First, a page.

A computer problem delaying unemployment benefits for thousands of Californians has grown far wider in recent days, with an increasing number of people left unpaid and the state backing off its claim the issue might be resolved by week’s end.
The Employment Development Department said Friday that about 185,000 of the state’s nearly 800,000 people receiving benefits had been affected, with the department having yet to clear about 80,000 of those cases.
Frustration flared as the week dragged on, with jobless residents repeatedly dialing the department’s customer service line and failing time after time to reach an agent.
Liz Gardner, of Chico, said her telephone has been disconnected while waiting since Labor Day for a $436 check.
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“Rent’s coming up on the 1st,” she said. “I have a late payment on my credit card.”
The employment department, which has been working for months to upgrade its 30-year-old unemployment insurance processing system, said earlier this week that about 50,000 Californians had claims delayed after the department converted several years of old data into a new processing system over the Labor Day weekend. The department said Tuesday it had cleared about 15,000 of those claims and hoped to finish the rest by the end of the week.
By Friday, however, the department reported its backlog had grown to about 80,000 claimants. In total, about 185,000 Californians so far have been affected by an error in the Labor Day conversion, in which old data came with “stop pay” flags that interfered with some legitimate claims.
Loree Levy, an EDD spokeswoman, said the state could not estimate when the problem will be resolved. She said hundreds of employees will work on the backlog over the weekend, when few new claims are filed and employees can focus on claims that are more than 10 days old.
“We think that we’re going to be able to see these numbers coming down significantly over the course of this weekend,” she said.
The problem is significant enough it affected weekly reporting of initial jobless claims by the U.S. Department of Labor. In data released Thursday, the federal government said initial claims in California decreased by 25,412 in the week ending Sept. 7, an unusually steep decline.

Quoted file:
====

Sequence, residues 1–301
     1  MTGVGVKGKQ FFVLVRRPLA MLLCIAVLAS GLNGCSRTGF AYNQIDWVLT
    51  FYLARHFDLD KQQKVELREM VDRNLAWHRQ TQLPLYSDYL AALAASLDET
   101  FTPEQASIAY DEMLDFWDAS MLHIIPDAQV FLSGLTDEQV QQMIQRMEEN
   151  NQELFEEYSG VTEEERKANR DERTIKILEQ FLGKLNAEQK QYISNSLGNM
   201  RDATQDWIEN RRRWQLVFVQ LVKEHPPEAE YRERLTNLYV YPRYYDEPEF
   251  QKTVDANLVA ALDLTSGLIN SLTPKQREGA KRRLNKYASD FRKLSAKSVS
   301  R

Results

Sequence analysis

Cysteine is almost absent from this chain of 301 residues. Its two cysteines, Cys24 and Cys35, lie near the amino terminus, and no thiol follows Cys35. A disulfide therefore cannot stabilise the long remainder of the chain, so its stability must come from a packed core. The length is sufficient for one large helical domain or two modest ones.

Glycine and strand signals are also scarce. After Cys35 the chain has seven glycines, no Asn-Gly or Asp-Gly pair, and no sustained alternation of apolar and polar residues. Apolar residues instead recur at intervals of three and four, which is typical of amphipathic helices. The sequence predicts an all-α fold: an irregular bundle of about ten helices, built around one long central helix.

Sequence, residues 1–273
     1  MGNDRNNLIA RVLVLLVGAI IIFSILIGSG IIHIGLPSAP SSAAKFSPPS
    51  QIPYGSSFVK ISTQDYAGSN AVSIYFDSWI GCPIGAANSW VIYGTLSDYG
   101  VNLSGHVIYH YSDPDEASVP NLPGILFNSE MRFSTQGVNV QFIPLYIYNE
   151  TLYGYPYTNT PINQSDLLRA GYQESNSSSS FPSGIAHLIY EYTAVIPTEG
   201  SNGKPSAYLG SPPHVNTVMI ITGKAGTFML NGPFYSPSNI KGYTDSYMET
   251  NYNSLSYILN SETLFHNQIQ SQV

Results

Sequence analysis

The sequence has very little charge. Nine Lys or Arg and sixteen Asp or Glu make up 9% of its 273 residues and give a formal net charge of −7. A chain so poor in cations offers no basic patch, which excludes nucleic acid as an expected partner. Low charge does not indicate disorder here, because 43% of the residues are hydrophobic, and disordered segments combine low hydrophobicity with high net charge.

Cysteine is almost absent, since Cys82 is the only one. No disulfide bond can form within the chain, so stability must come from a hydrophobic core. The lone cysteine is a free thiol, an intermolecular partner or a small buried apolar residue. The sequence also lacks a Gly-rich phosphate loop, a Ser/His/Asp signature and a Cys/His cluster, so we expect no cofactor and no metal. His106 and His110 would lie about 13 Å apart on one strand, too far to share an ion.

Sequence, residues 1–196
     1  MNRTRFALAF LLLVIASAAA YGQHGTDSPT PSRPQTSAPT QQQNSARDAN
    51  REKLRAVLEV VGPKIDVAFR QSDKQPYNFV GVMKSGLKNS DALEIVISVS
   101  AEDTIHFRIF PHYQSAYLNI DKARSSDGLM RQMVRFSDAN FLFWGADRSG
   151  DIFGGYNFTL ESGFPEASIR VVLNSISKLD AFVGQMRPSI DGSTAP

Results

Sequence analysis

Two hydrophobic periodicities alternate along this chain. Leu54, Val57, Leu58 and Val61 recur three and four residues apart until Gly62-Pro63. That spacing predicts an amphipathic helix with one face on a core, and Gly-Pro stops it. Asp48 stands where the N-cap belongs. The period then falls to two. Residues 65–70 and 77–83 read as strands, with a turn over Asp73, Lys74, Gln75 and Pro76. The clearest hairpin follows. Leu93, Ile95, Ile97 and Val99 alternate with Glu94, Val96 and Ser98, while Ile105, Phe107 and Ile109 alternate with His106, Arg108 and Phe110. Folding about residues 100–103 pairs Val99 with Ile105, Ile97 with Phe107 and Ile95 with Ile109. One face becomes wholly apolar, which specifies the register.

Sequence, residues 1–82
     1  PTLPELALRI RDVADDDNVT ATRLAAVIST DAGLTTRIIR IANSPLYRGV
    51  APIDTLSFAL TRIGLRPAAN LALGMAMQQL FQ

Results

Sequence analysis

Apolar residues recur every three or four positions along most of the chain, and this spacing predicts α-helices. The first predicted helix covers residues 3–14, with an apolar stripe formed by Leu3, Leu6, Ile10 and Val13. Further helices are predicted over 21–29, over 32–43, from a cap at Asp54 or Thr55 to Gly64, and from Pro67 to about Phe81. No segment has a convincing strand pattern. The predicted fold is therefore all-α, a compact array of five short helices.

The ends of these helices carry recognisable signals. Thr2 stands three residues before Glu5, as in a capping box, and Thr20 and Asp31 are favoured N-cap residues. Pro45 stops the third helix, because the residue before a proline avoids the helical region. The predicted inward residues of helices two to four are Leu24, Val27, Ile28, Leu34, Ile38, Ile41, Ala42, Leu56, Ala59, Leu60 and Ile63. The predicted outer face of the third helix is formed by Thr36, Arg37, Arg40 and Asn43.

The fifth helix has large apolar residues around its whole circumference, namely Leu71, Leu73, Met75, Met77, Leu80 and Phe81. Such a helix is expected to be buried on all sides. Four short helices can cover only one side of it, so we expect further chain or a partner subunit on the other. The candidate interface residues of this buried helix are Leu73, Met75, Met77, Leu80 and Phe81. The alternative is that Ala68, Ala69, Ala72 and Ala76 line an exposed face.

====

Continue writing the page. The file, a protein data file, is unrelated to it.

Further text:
While New York, Florida and Pennsylvania submitted comments suggesting claim decreases in their states were due to fewer layoffs in various industries, California attributed the decline to “Labor Day holiday and computer system updates.”
Even before the latest computer problem arose, the employment department had difficulty processing jobless claims. A state audit in November found the state failed to meet federal standards for timeliness in processing claims, taking longer than 40 other states.
The audit said that in the 2011-12 budget year, nearly one of every four calls to EDD could not get through.
At an employment center in Stockton on Friday, Amber Adair scrolled through her cellphone history and said she called EDD 82 times one day last week without getting through, and 20 times on Wednesday with the same result.
Adair, 31, was laid off from her job at a call center last year.
“It was almost like entering the gates of hell having to work with EDD,” she said.
The new computer project is part of a nearly $188 million system upgrade designed to let residents submit certifications for unemployment insurance benefits online or by telephone, among other efficiencies. The department said on its website that the program would streamline the claim review process.
The California Department of Technology has rated the project as “fairly healthy” in recent reviews. Yet the current disruption recalled years of problems the state has had with technology projects, including the abandonment of a quarter-billion state payroll system upgrade earlier this year.
John Thomas Flynn, California’s first chief information officer under Gov. Pete Wilson, said such problems hurt employee morale and contribute to public skepticism about state government.
“This is death by a 1,000 cuts by another problematic IT project in California,” he said. “It really, I think, calls for a full-scale review of some of these major projects.”
Levy said problems following the Labor Day transition are temporary and that, “We’ve just got to get this one-time issue cleared up.”
EDD apologized for the delay on its website, saying employees are “working around the clock and through the weekends” to fix the problem. It said it has been “limited by a staffing shortage created by reduced federal funding.”
The department urged claimants to go online “to avoid the frustration of trying to get through to a representative by phone.”
Meanwhile, unemployed Californians complained about the delay and the department’s handling of their claims, including on the department’s Facebook page. While EDD posted official updates on the social media site, one commenter whose profile indicates she is a department employee infuriated some claimants when she wrote, “How many jobs did you apply for while waiting for a manager to call you back?”
In Chico, Gardner, 48, said she received a job offer Thursday for a part-time sales position in Palo Alto.
She plans to accept the position while looking for full-time work. Still, Gardner said she will have to borrow money from family members to put gas in her 1998 Toyota Sienna to reach her new place of employment.
“I got a job, thankfully,” she said. “But I don’t have the gas money to get to the job because of this snafu.”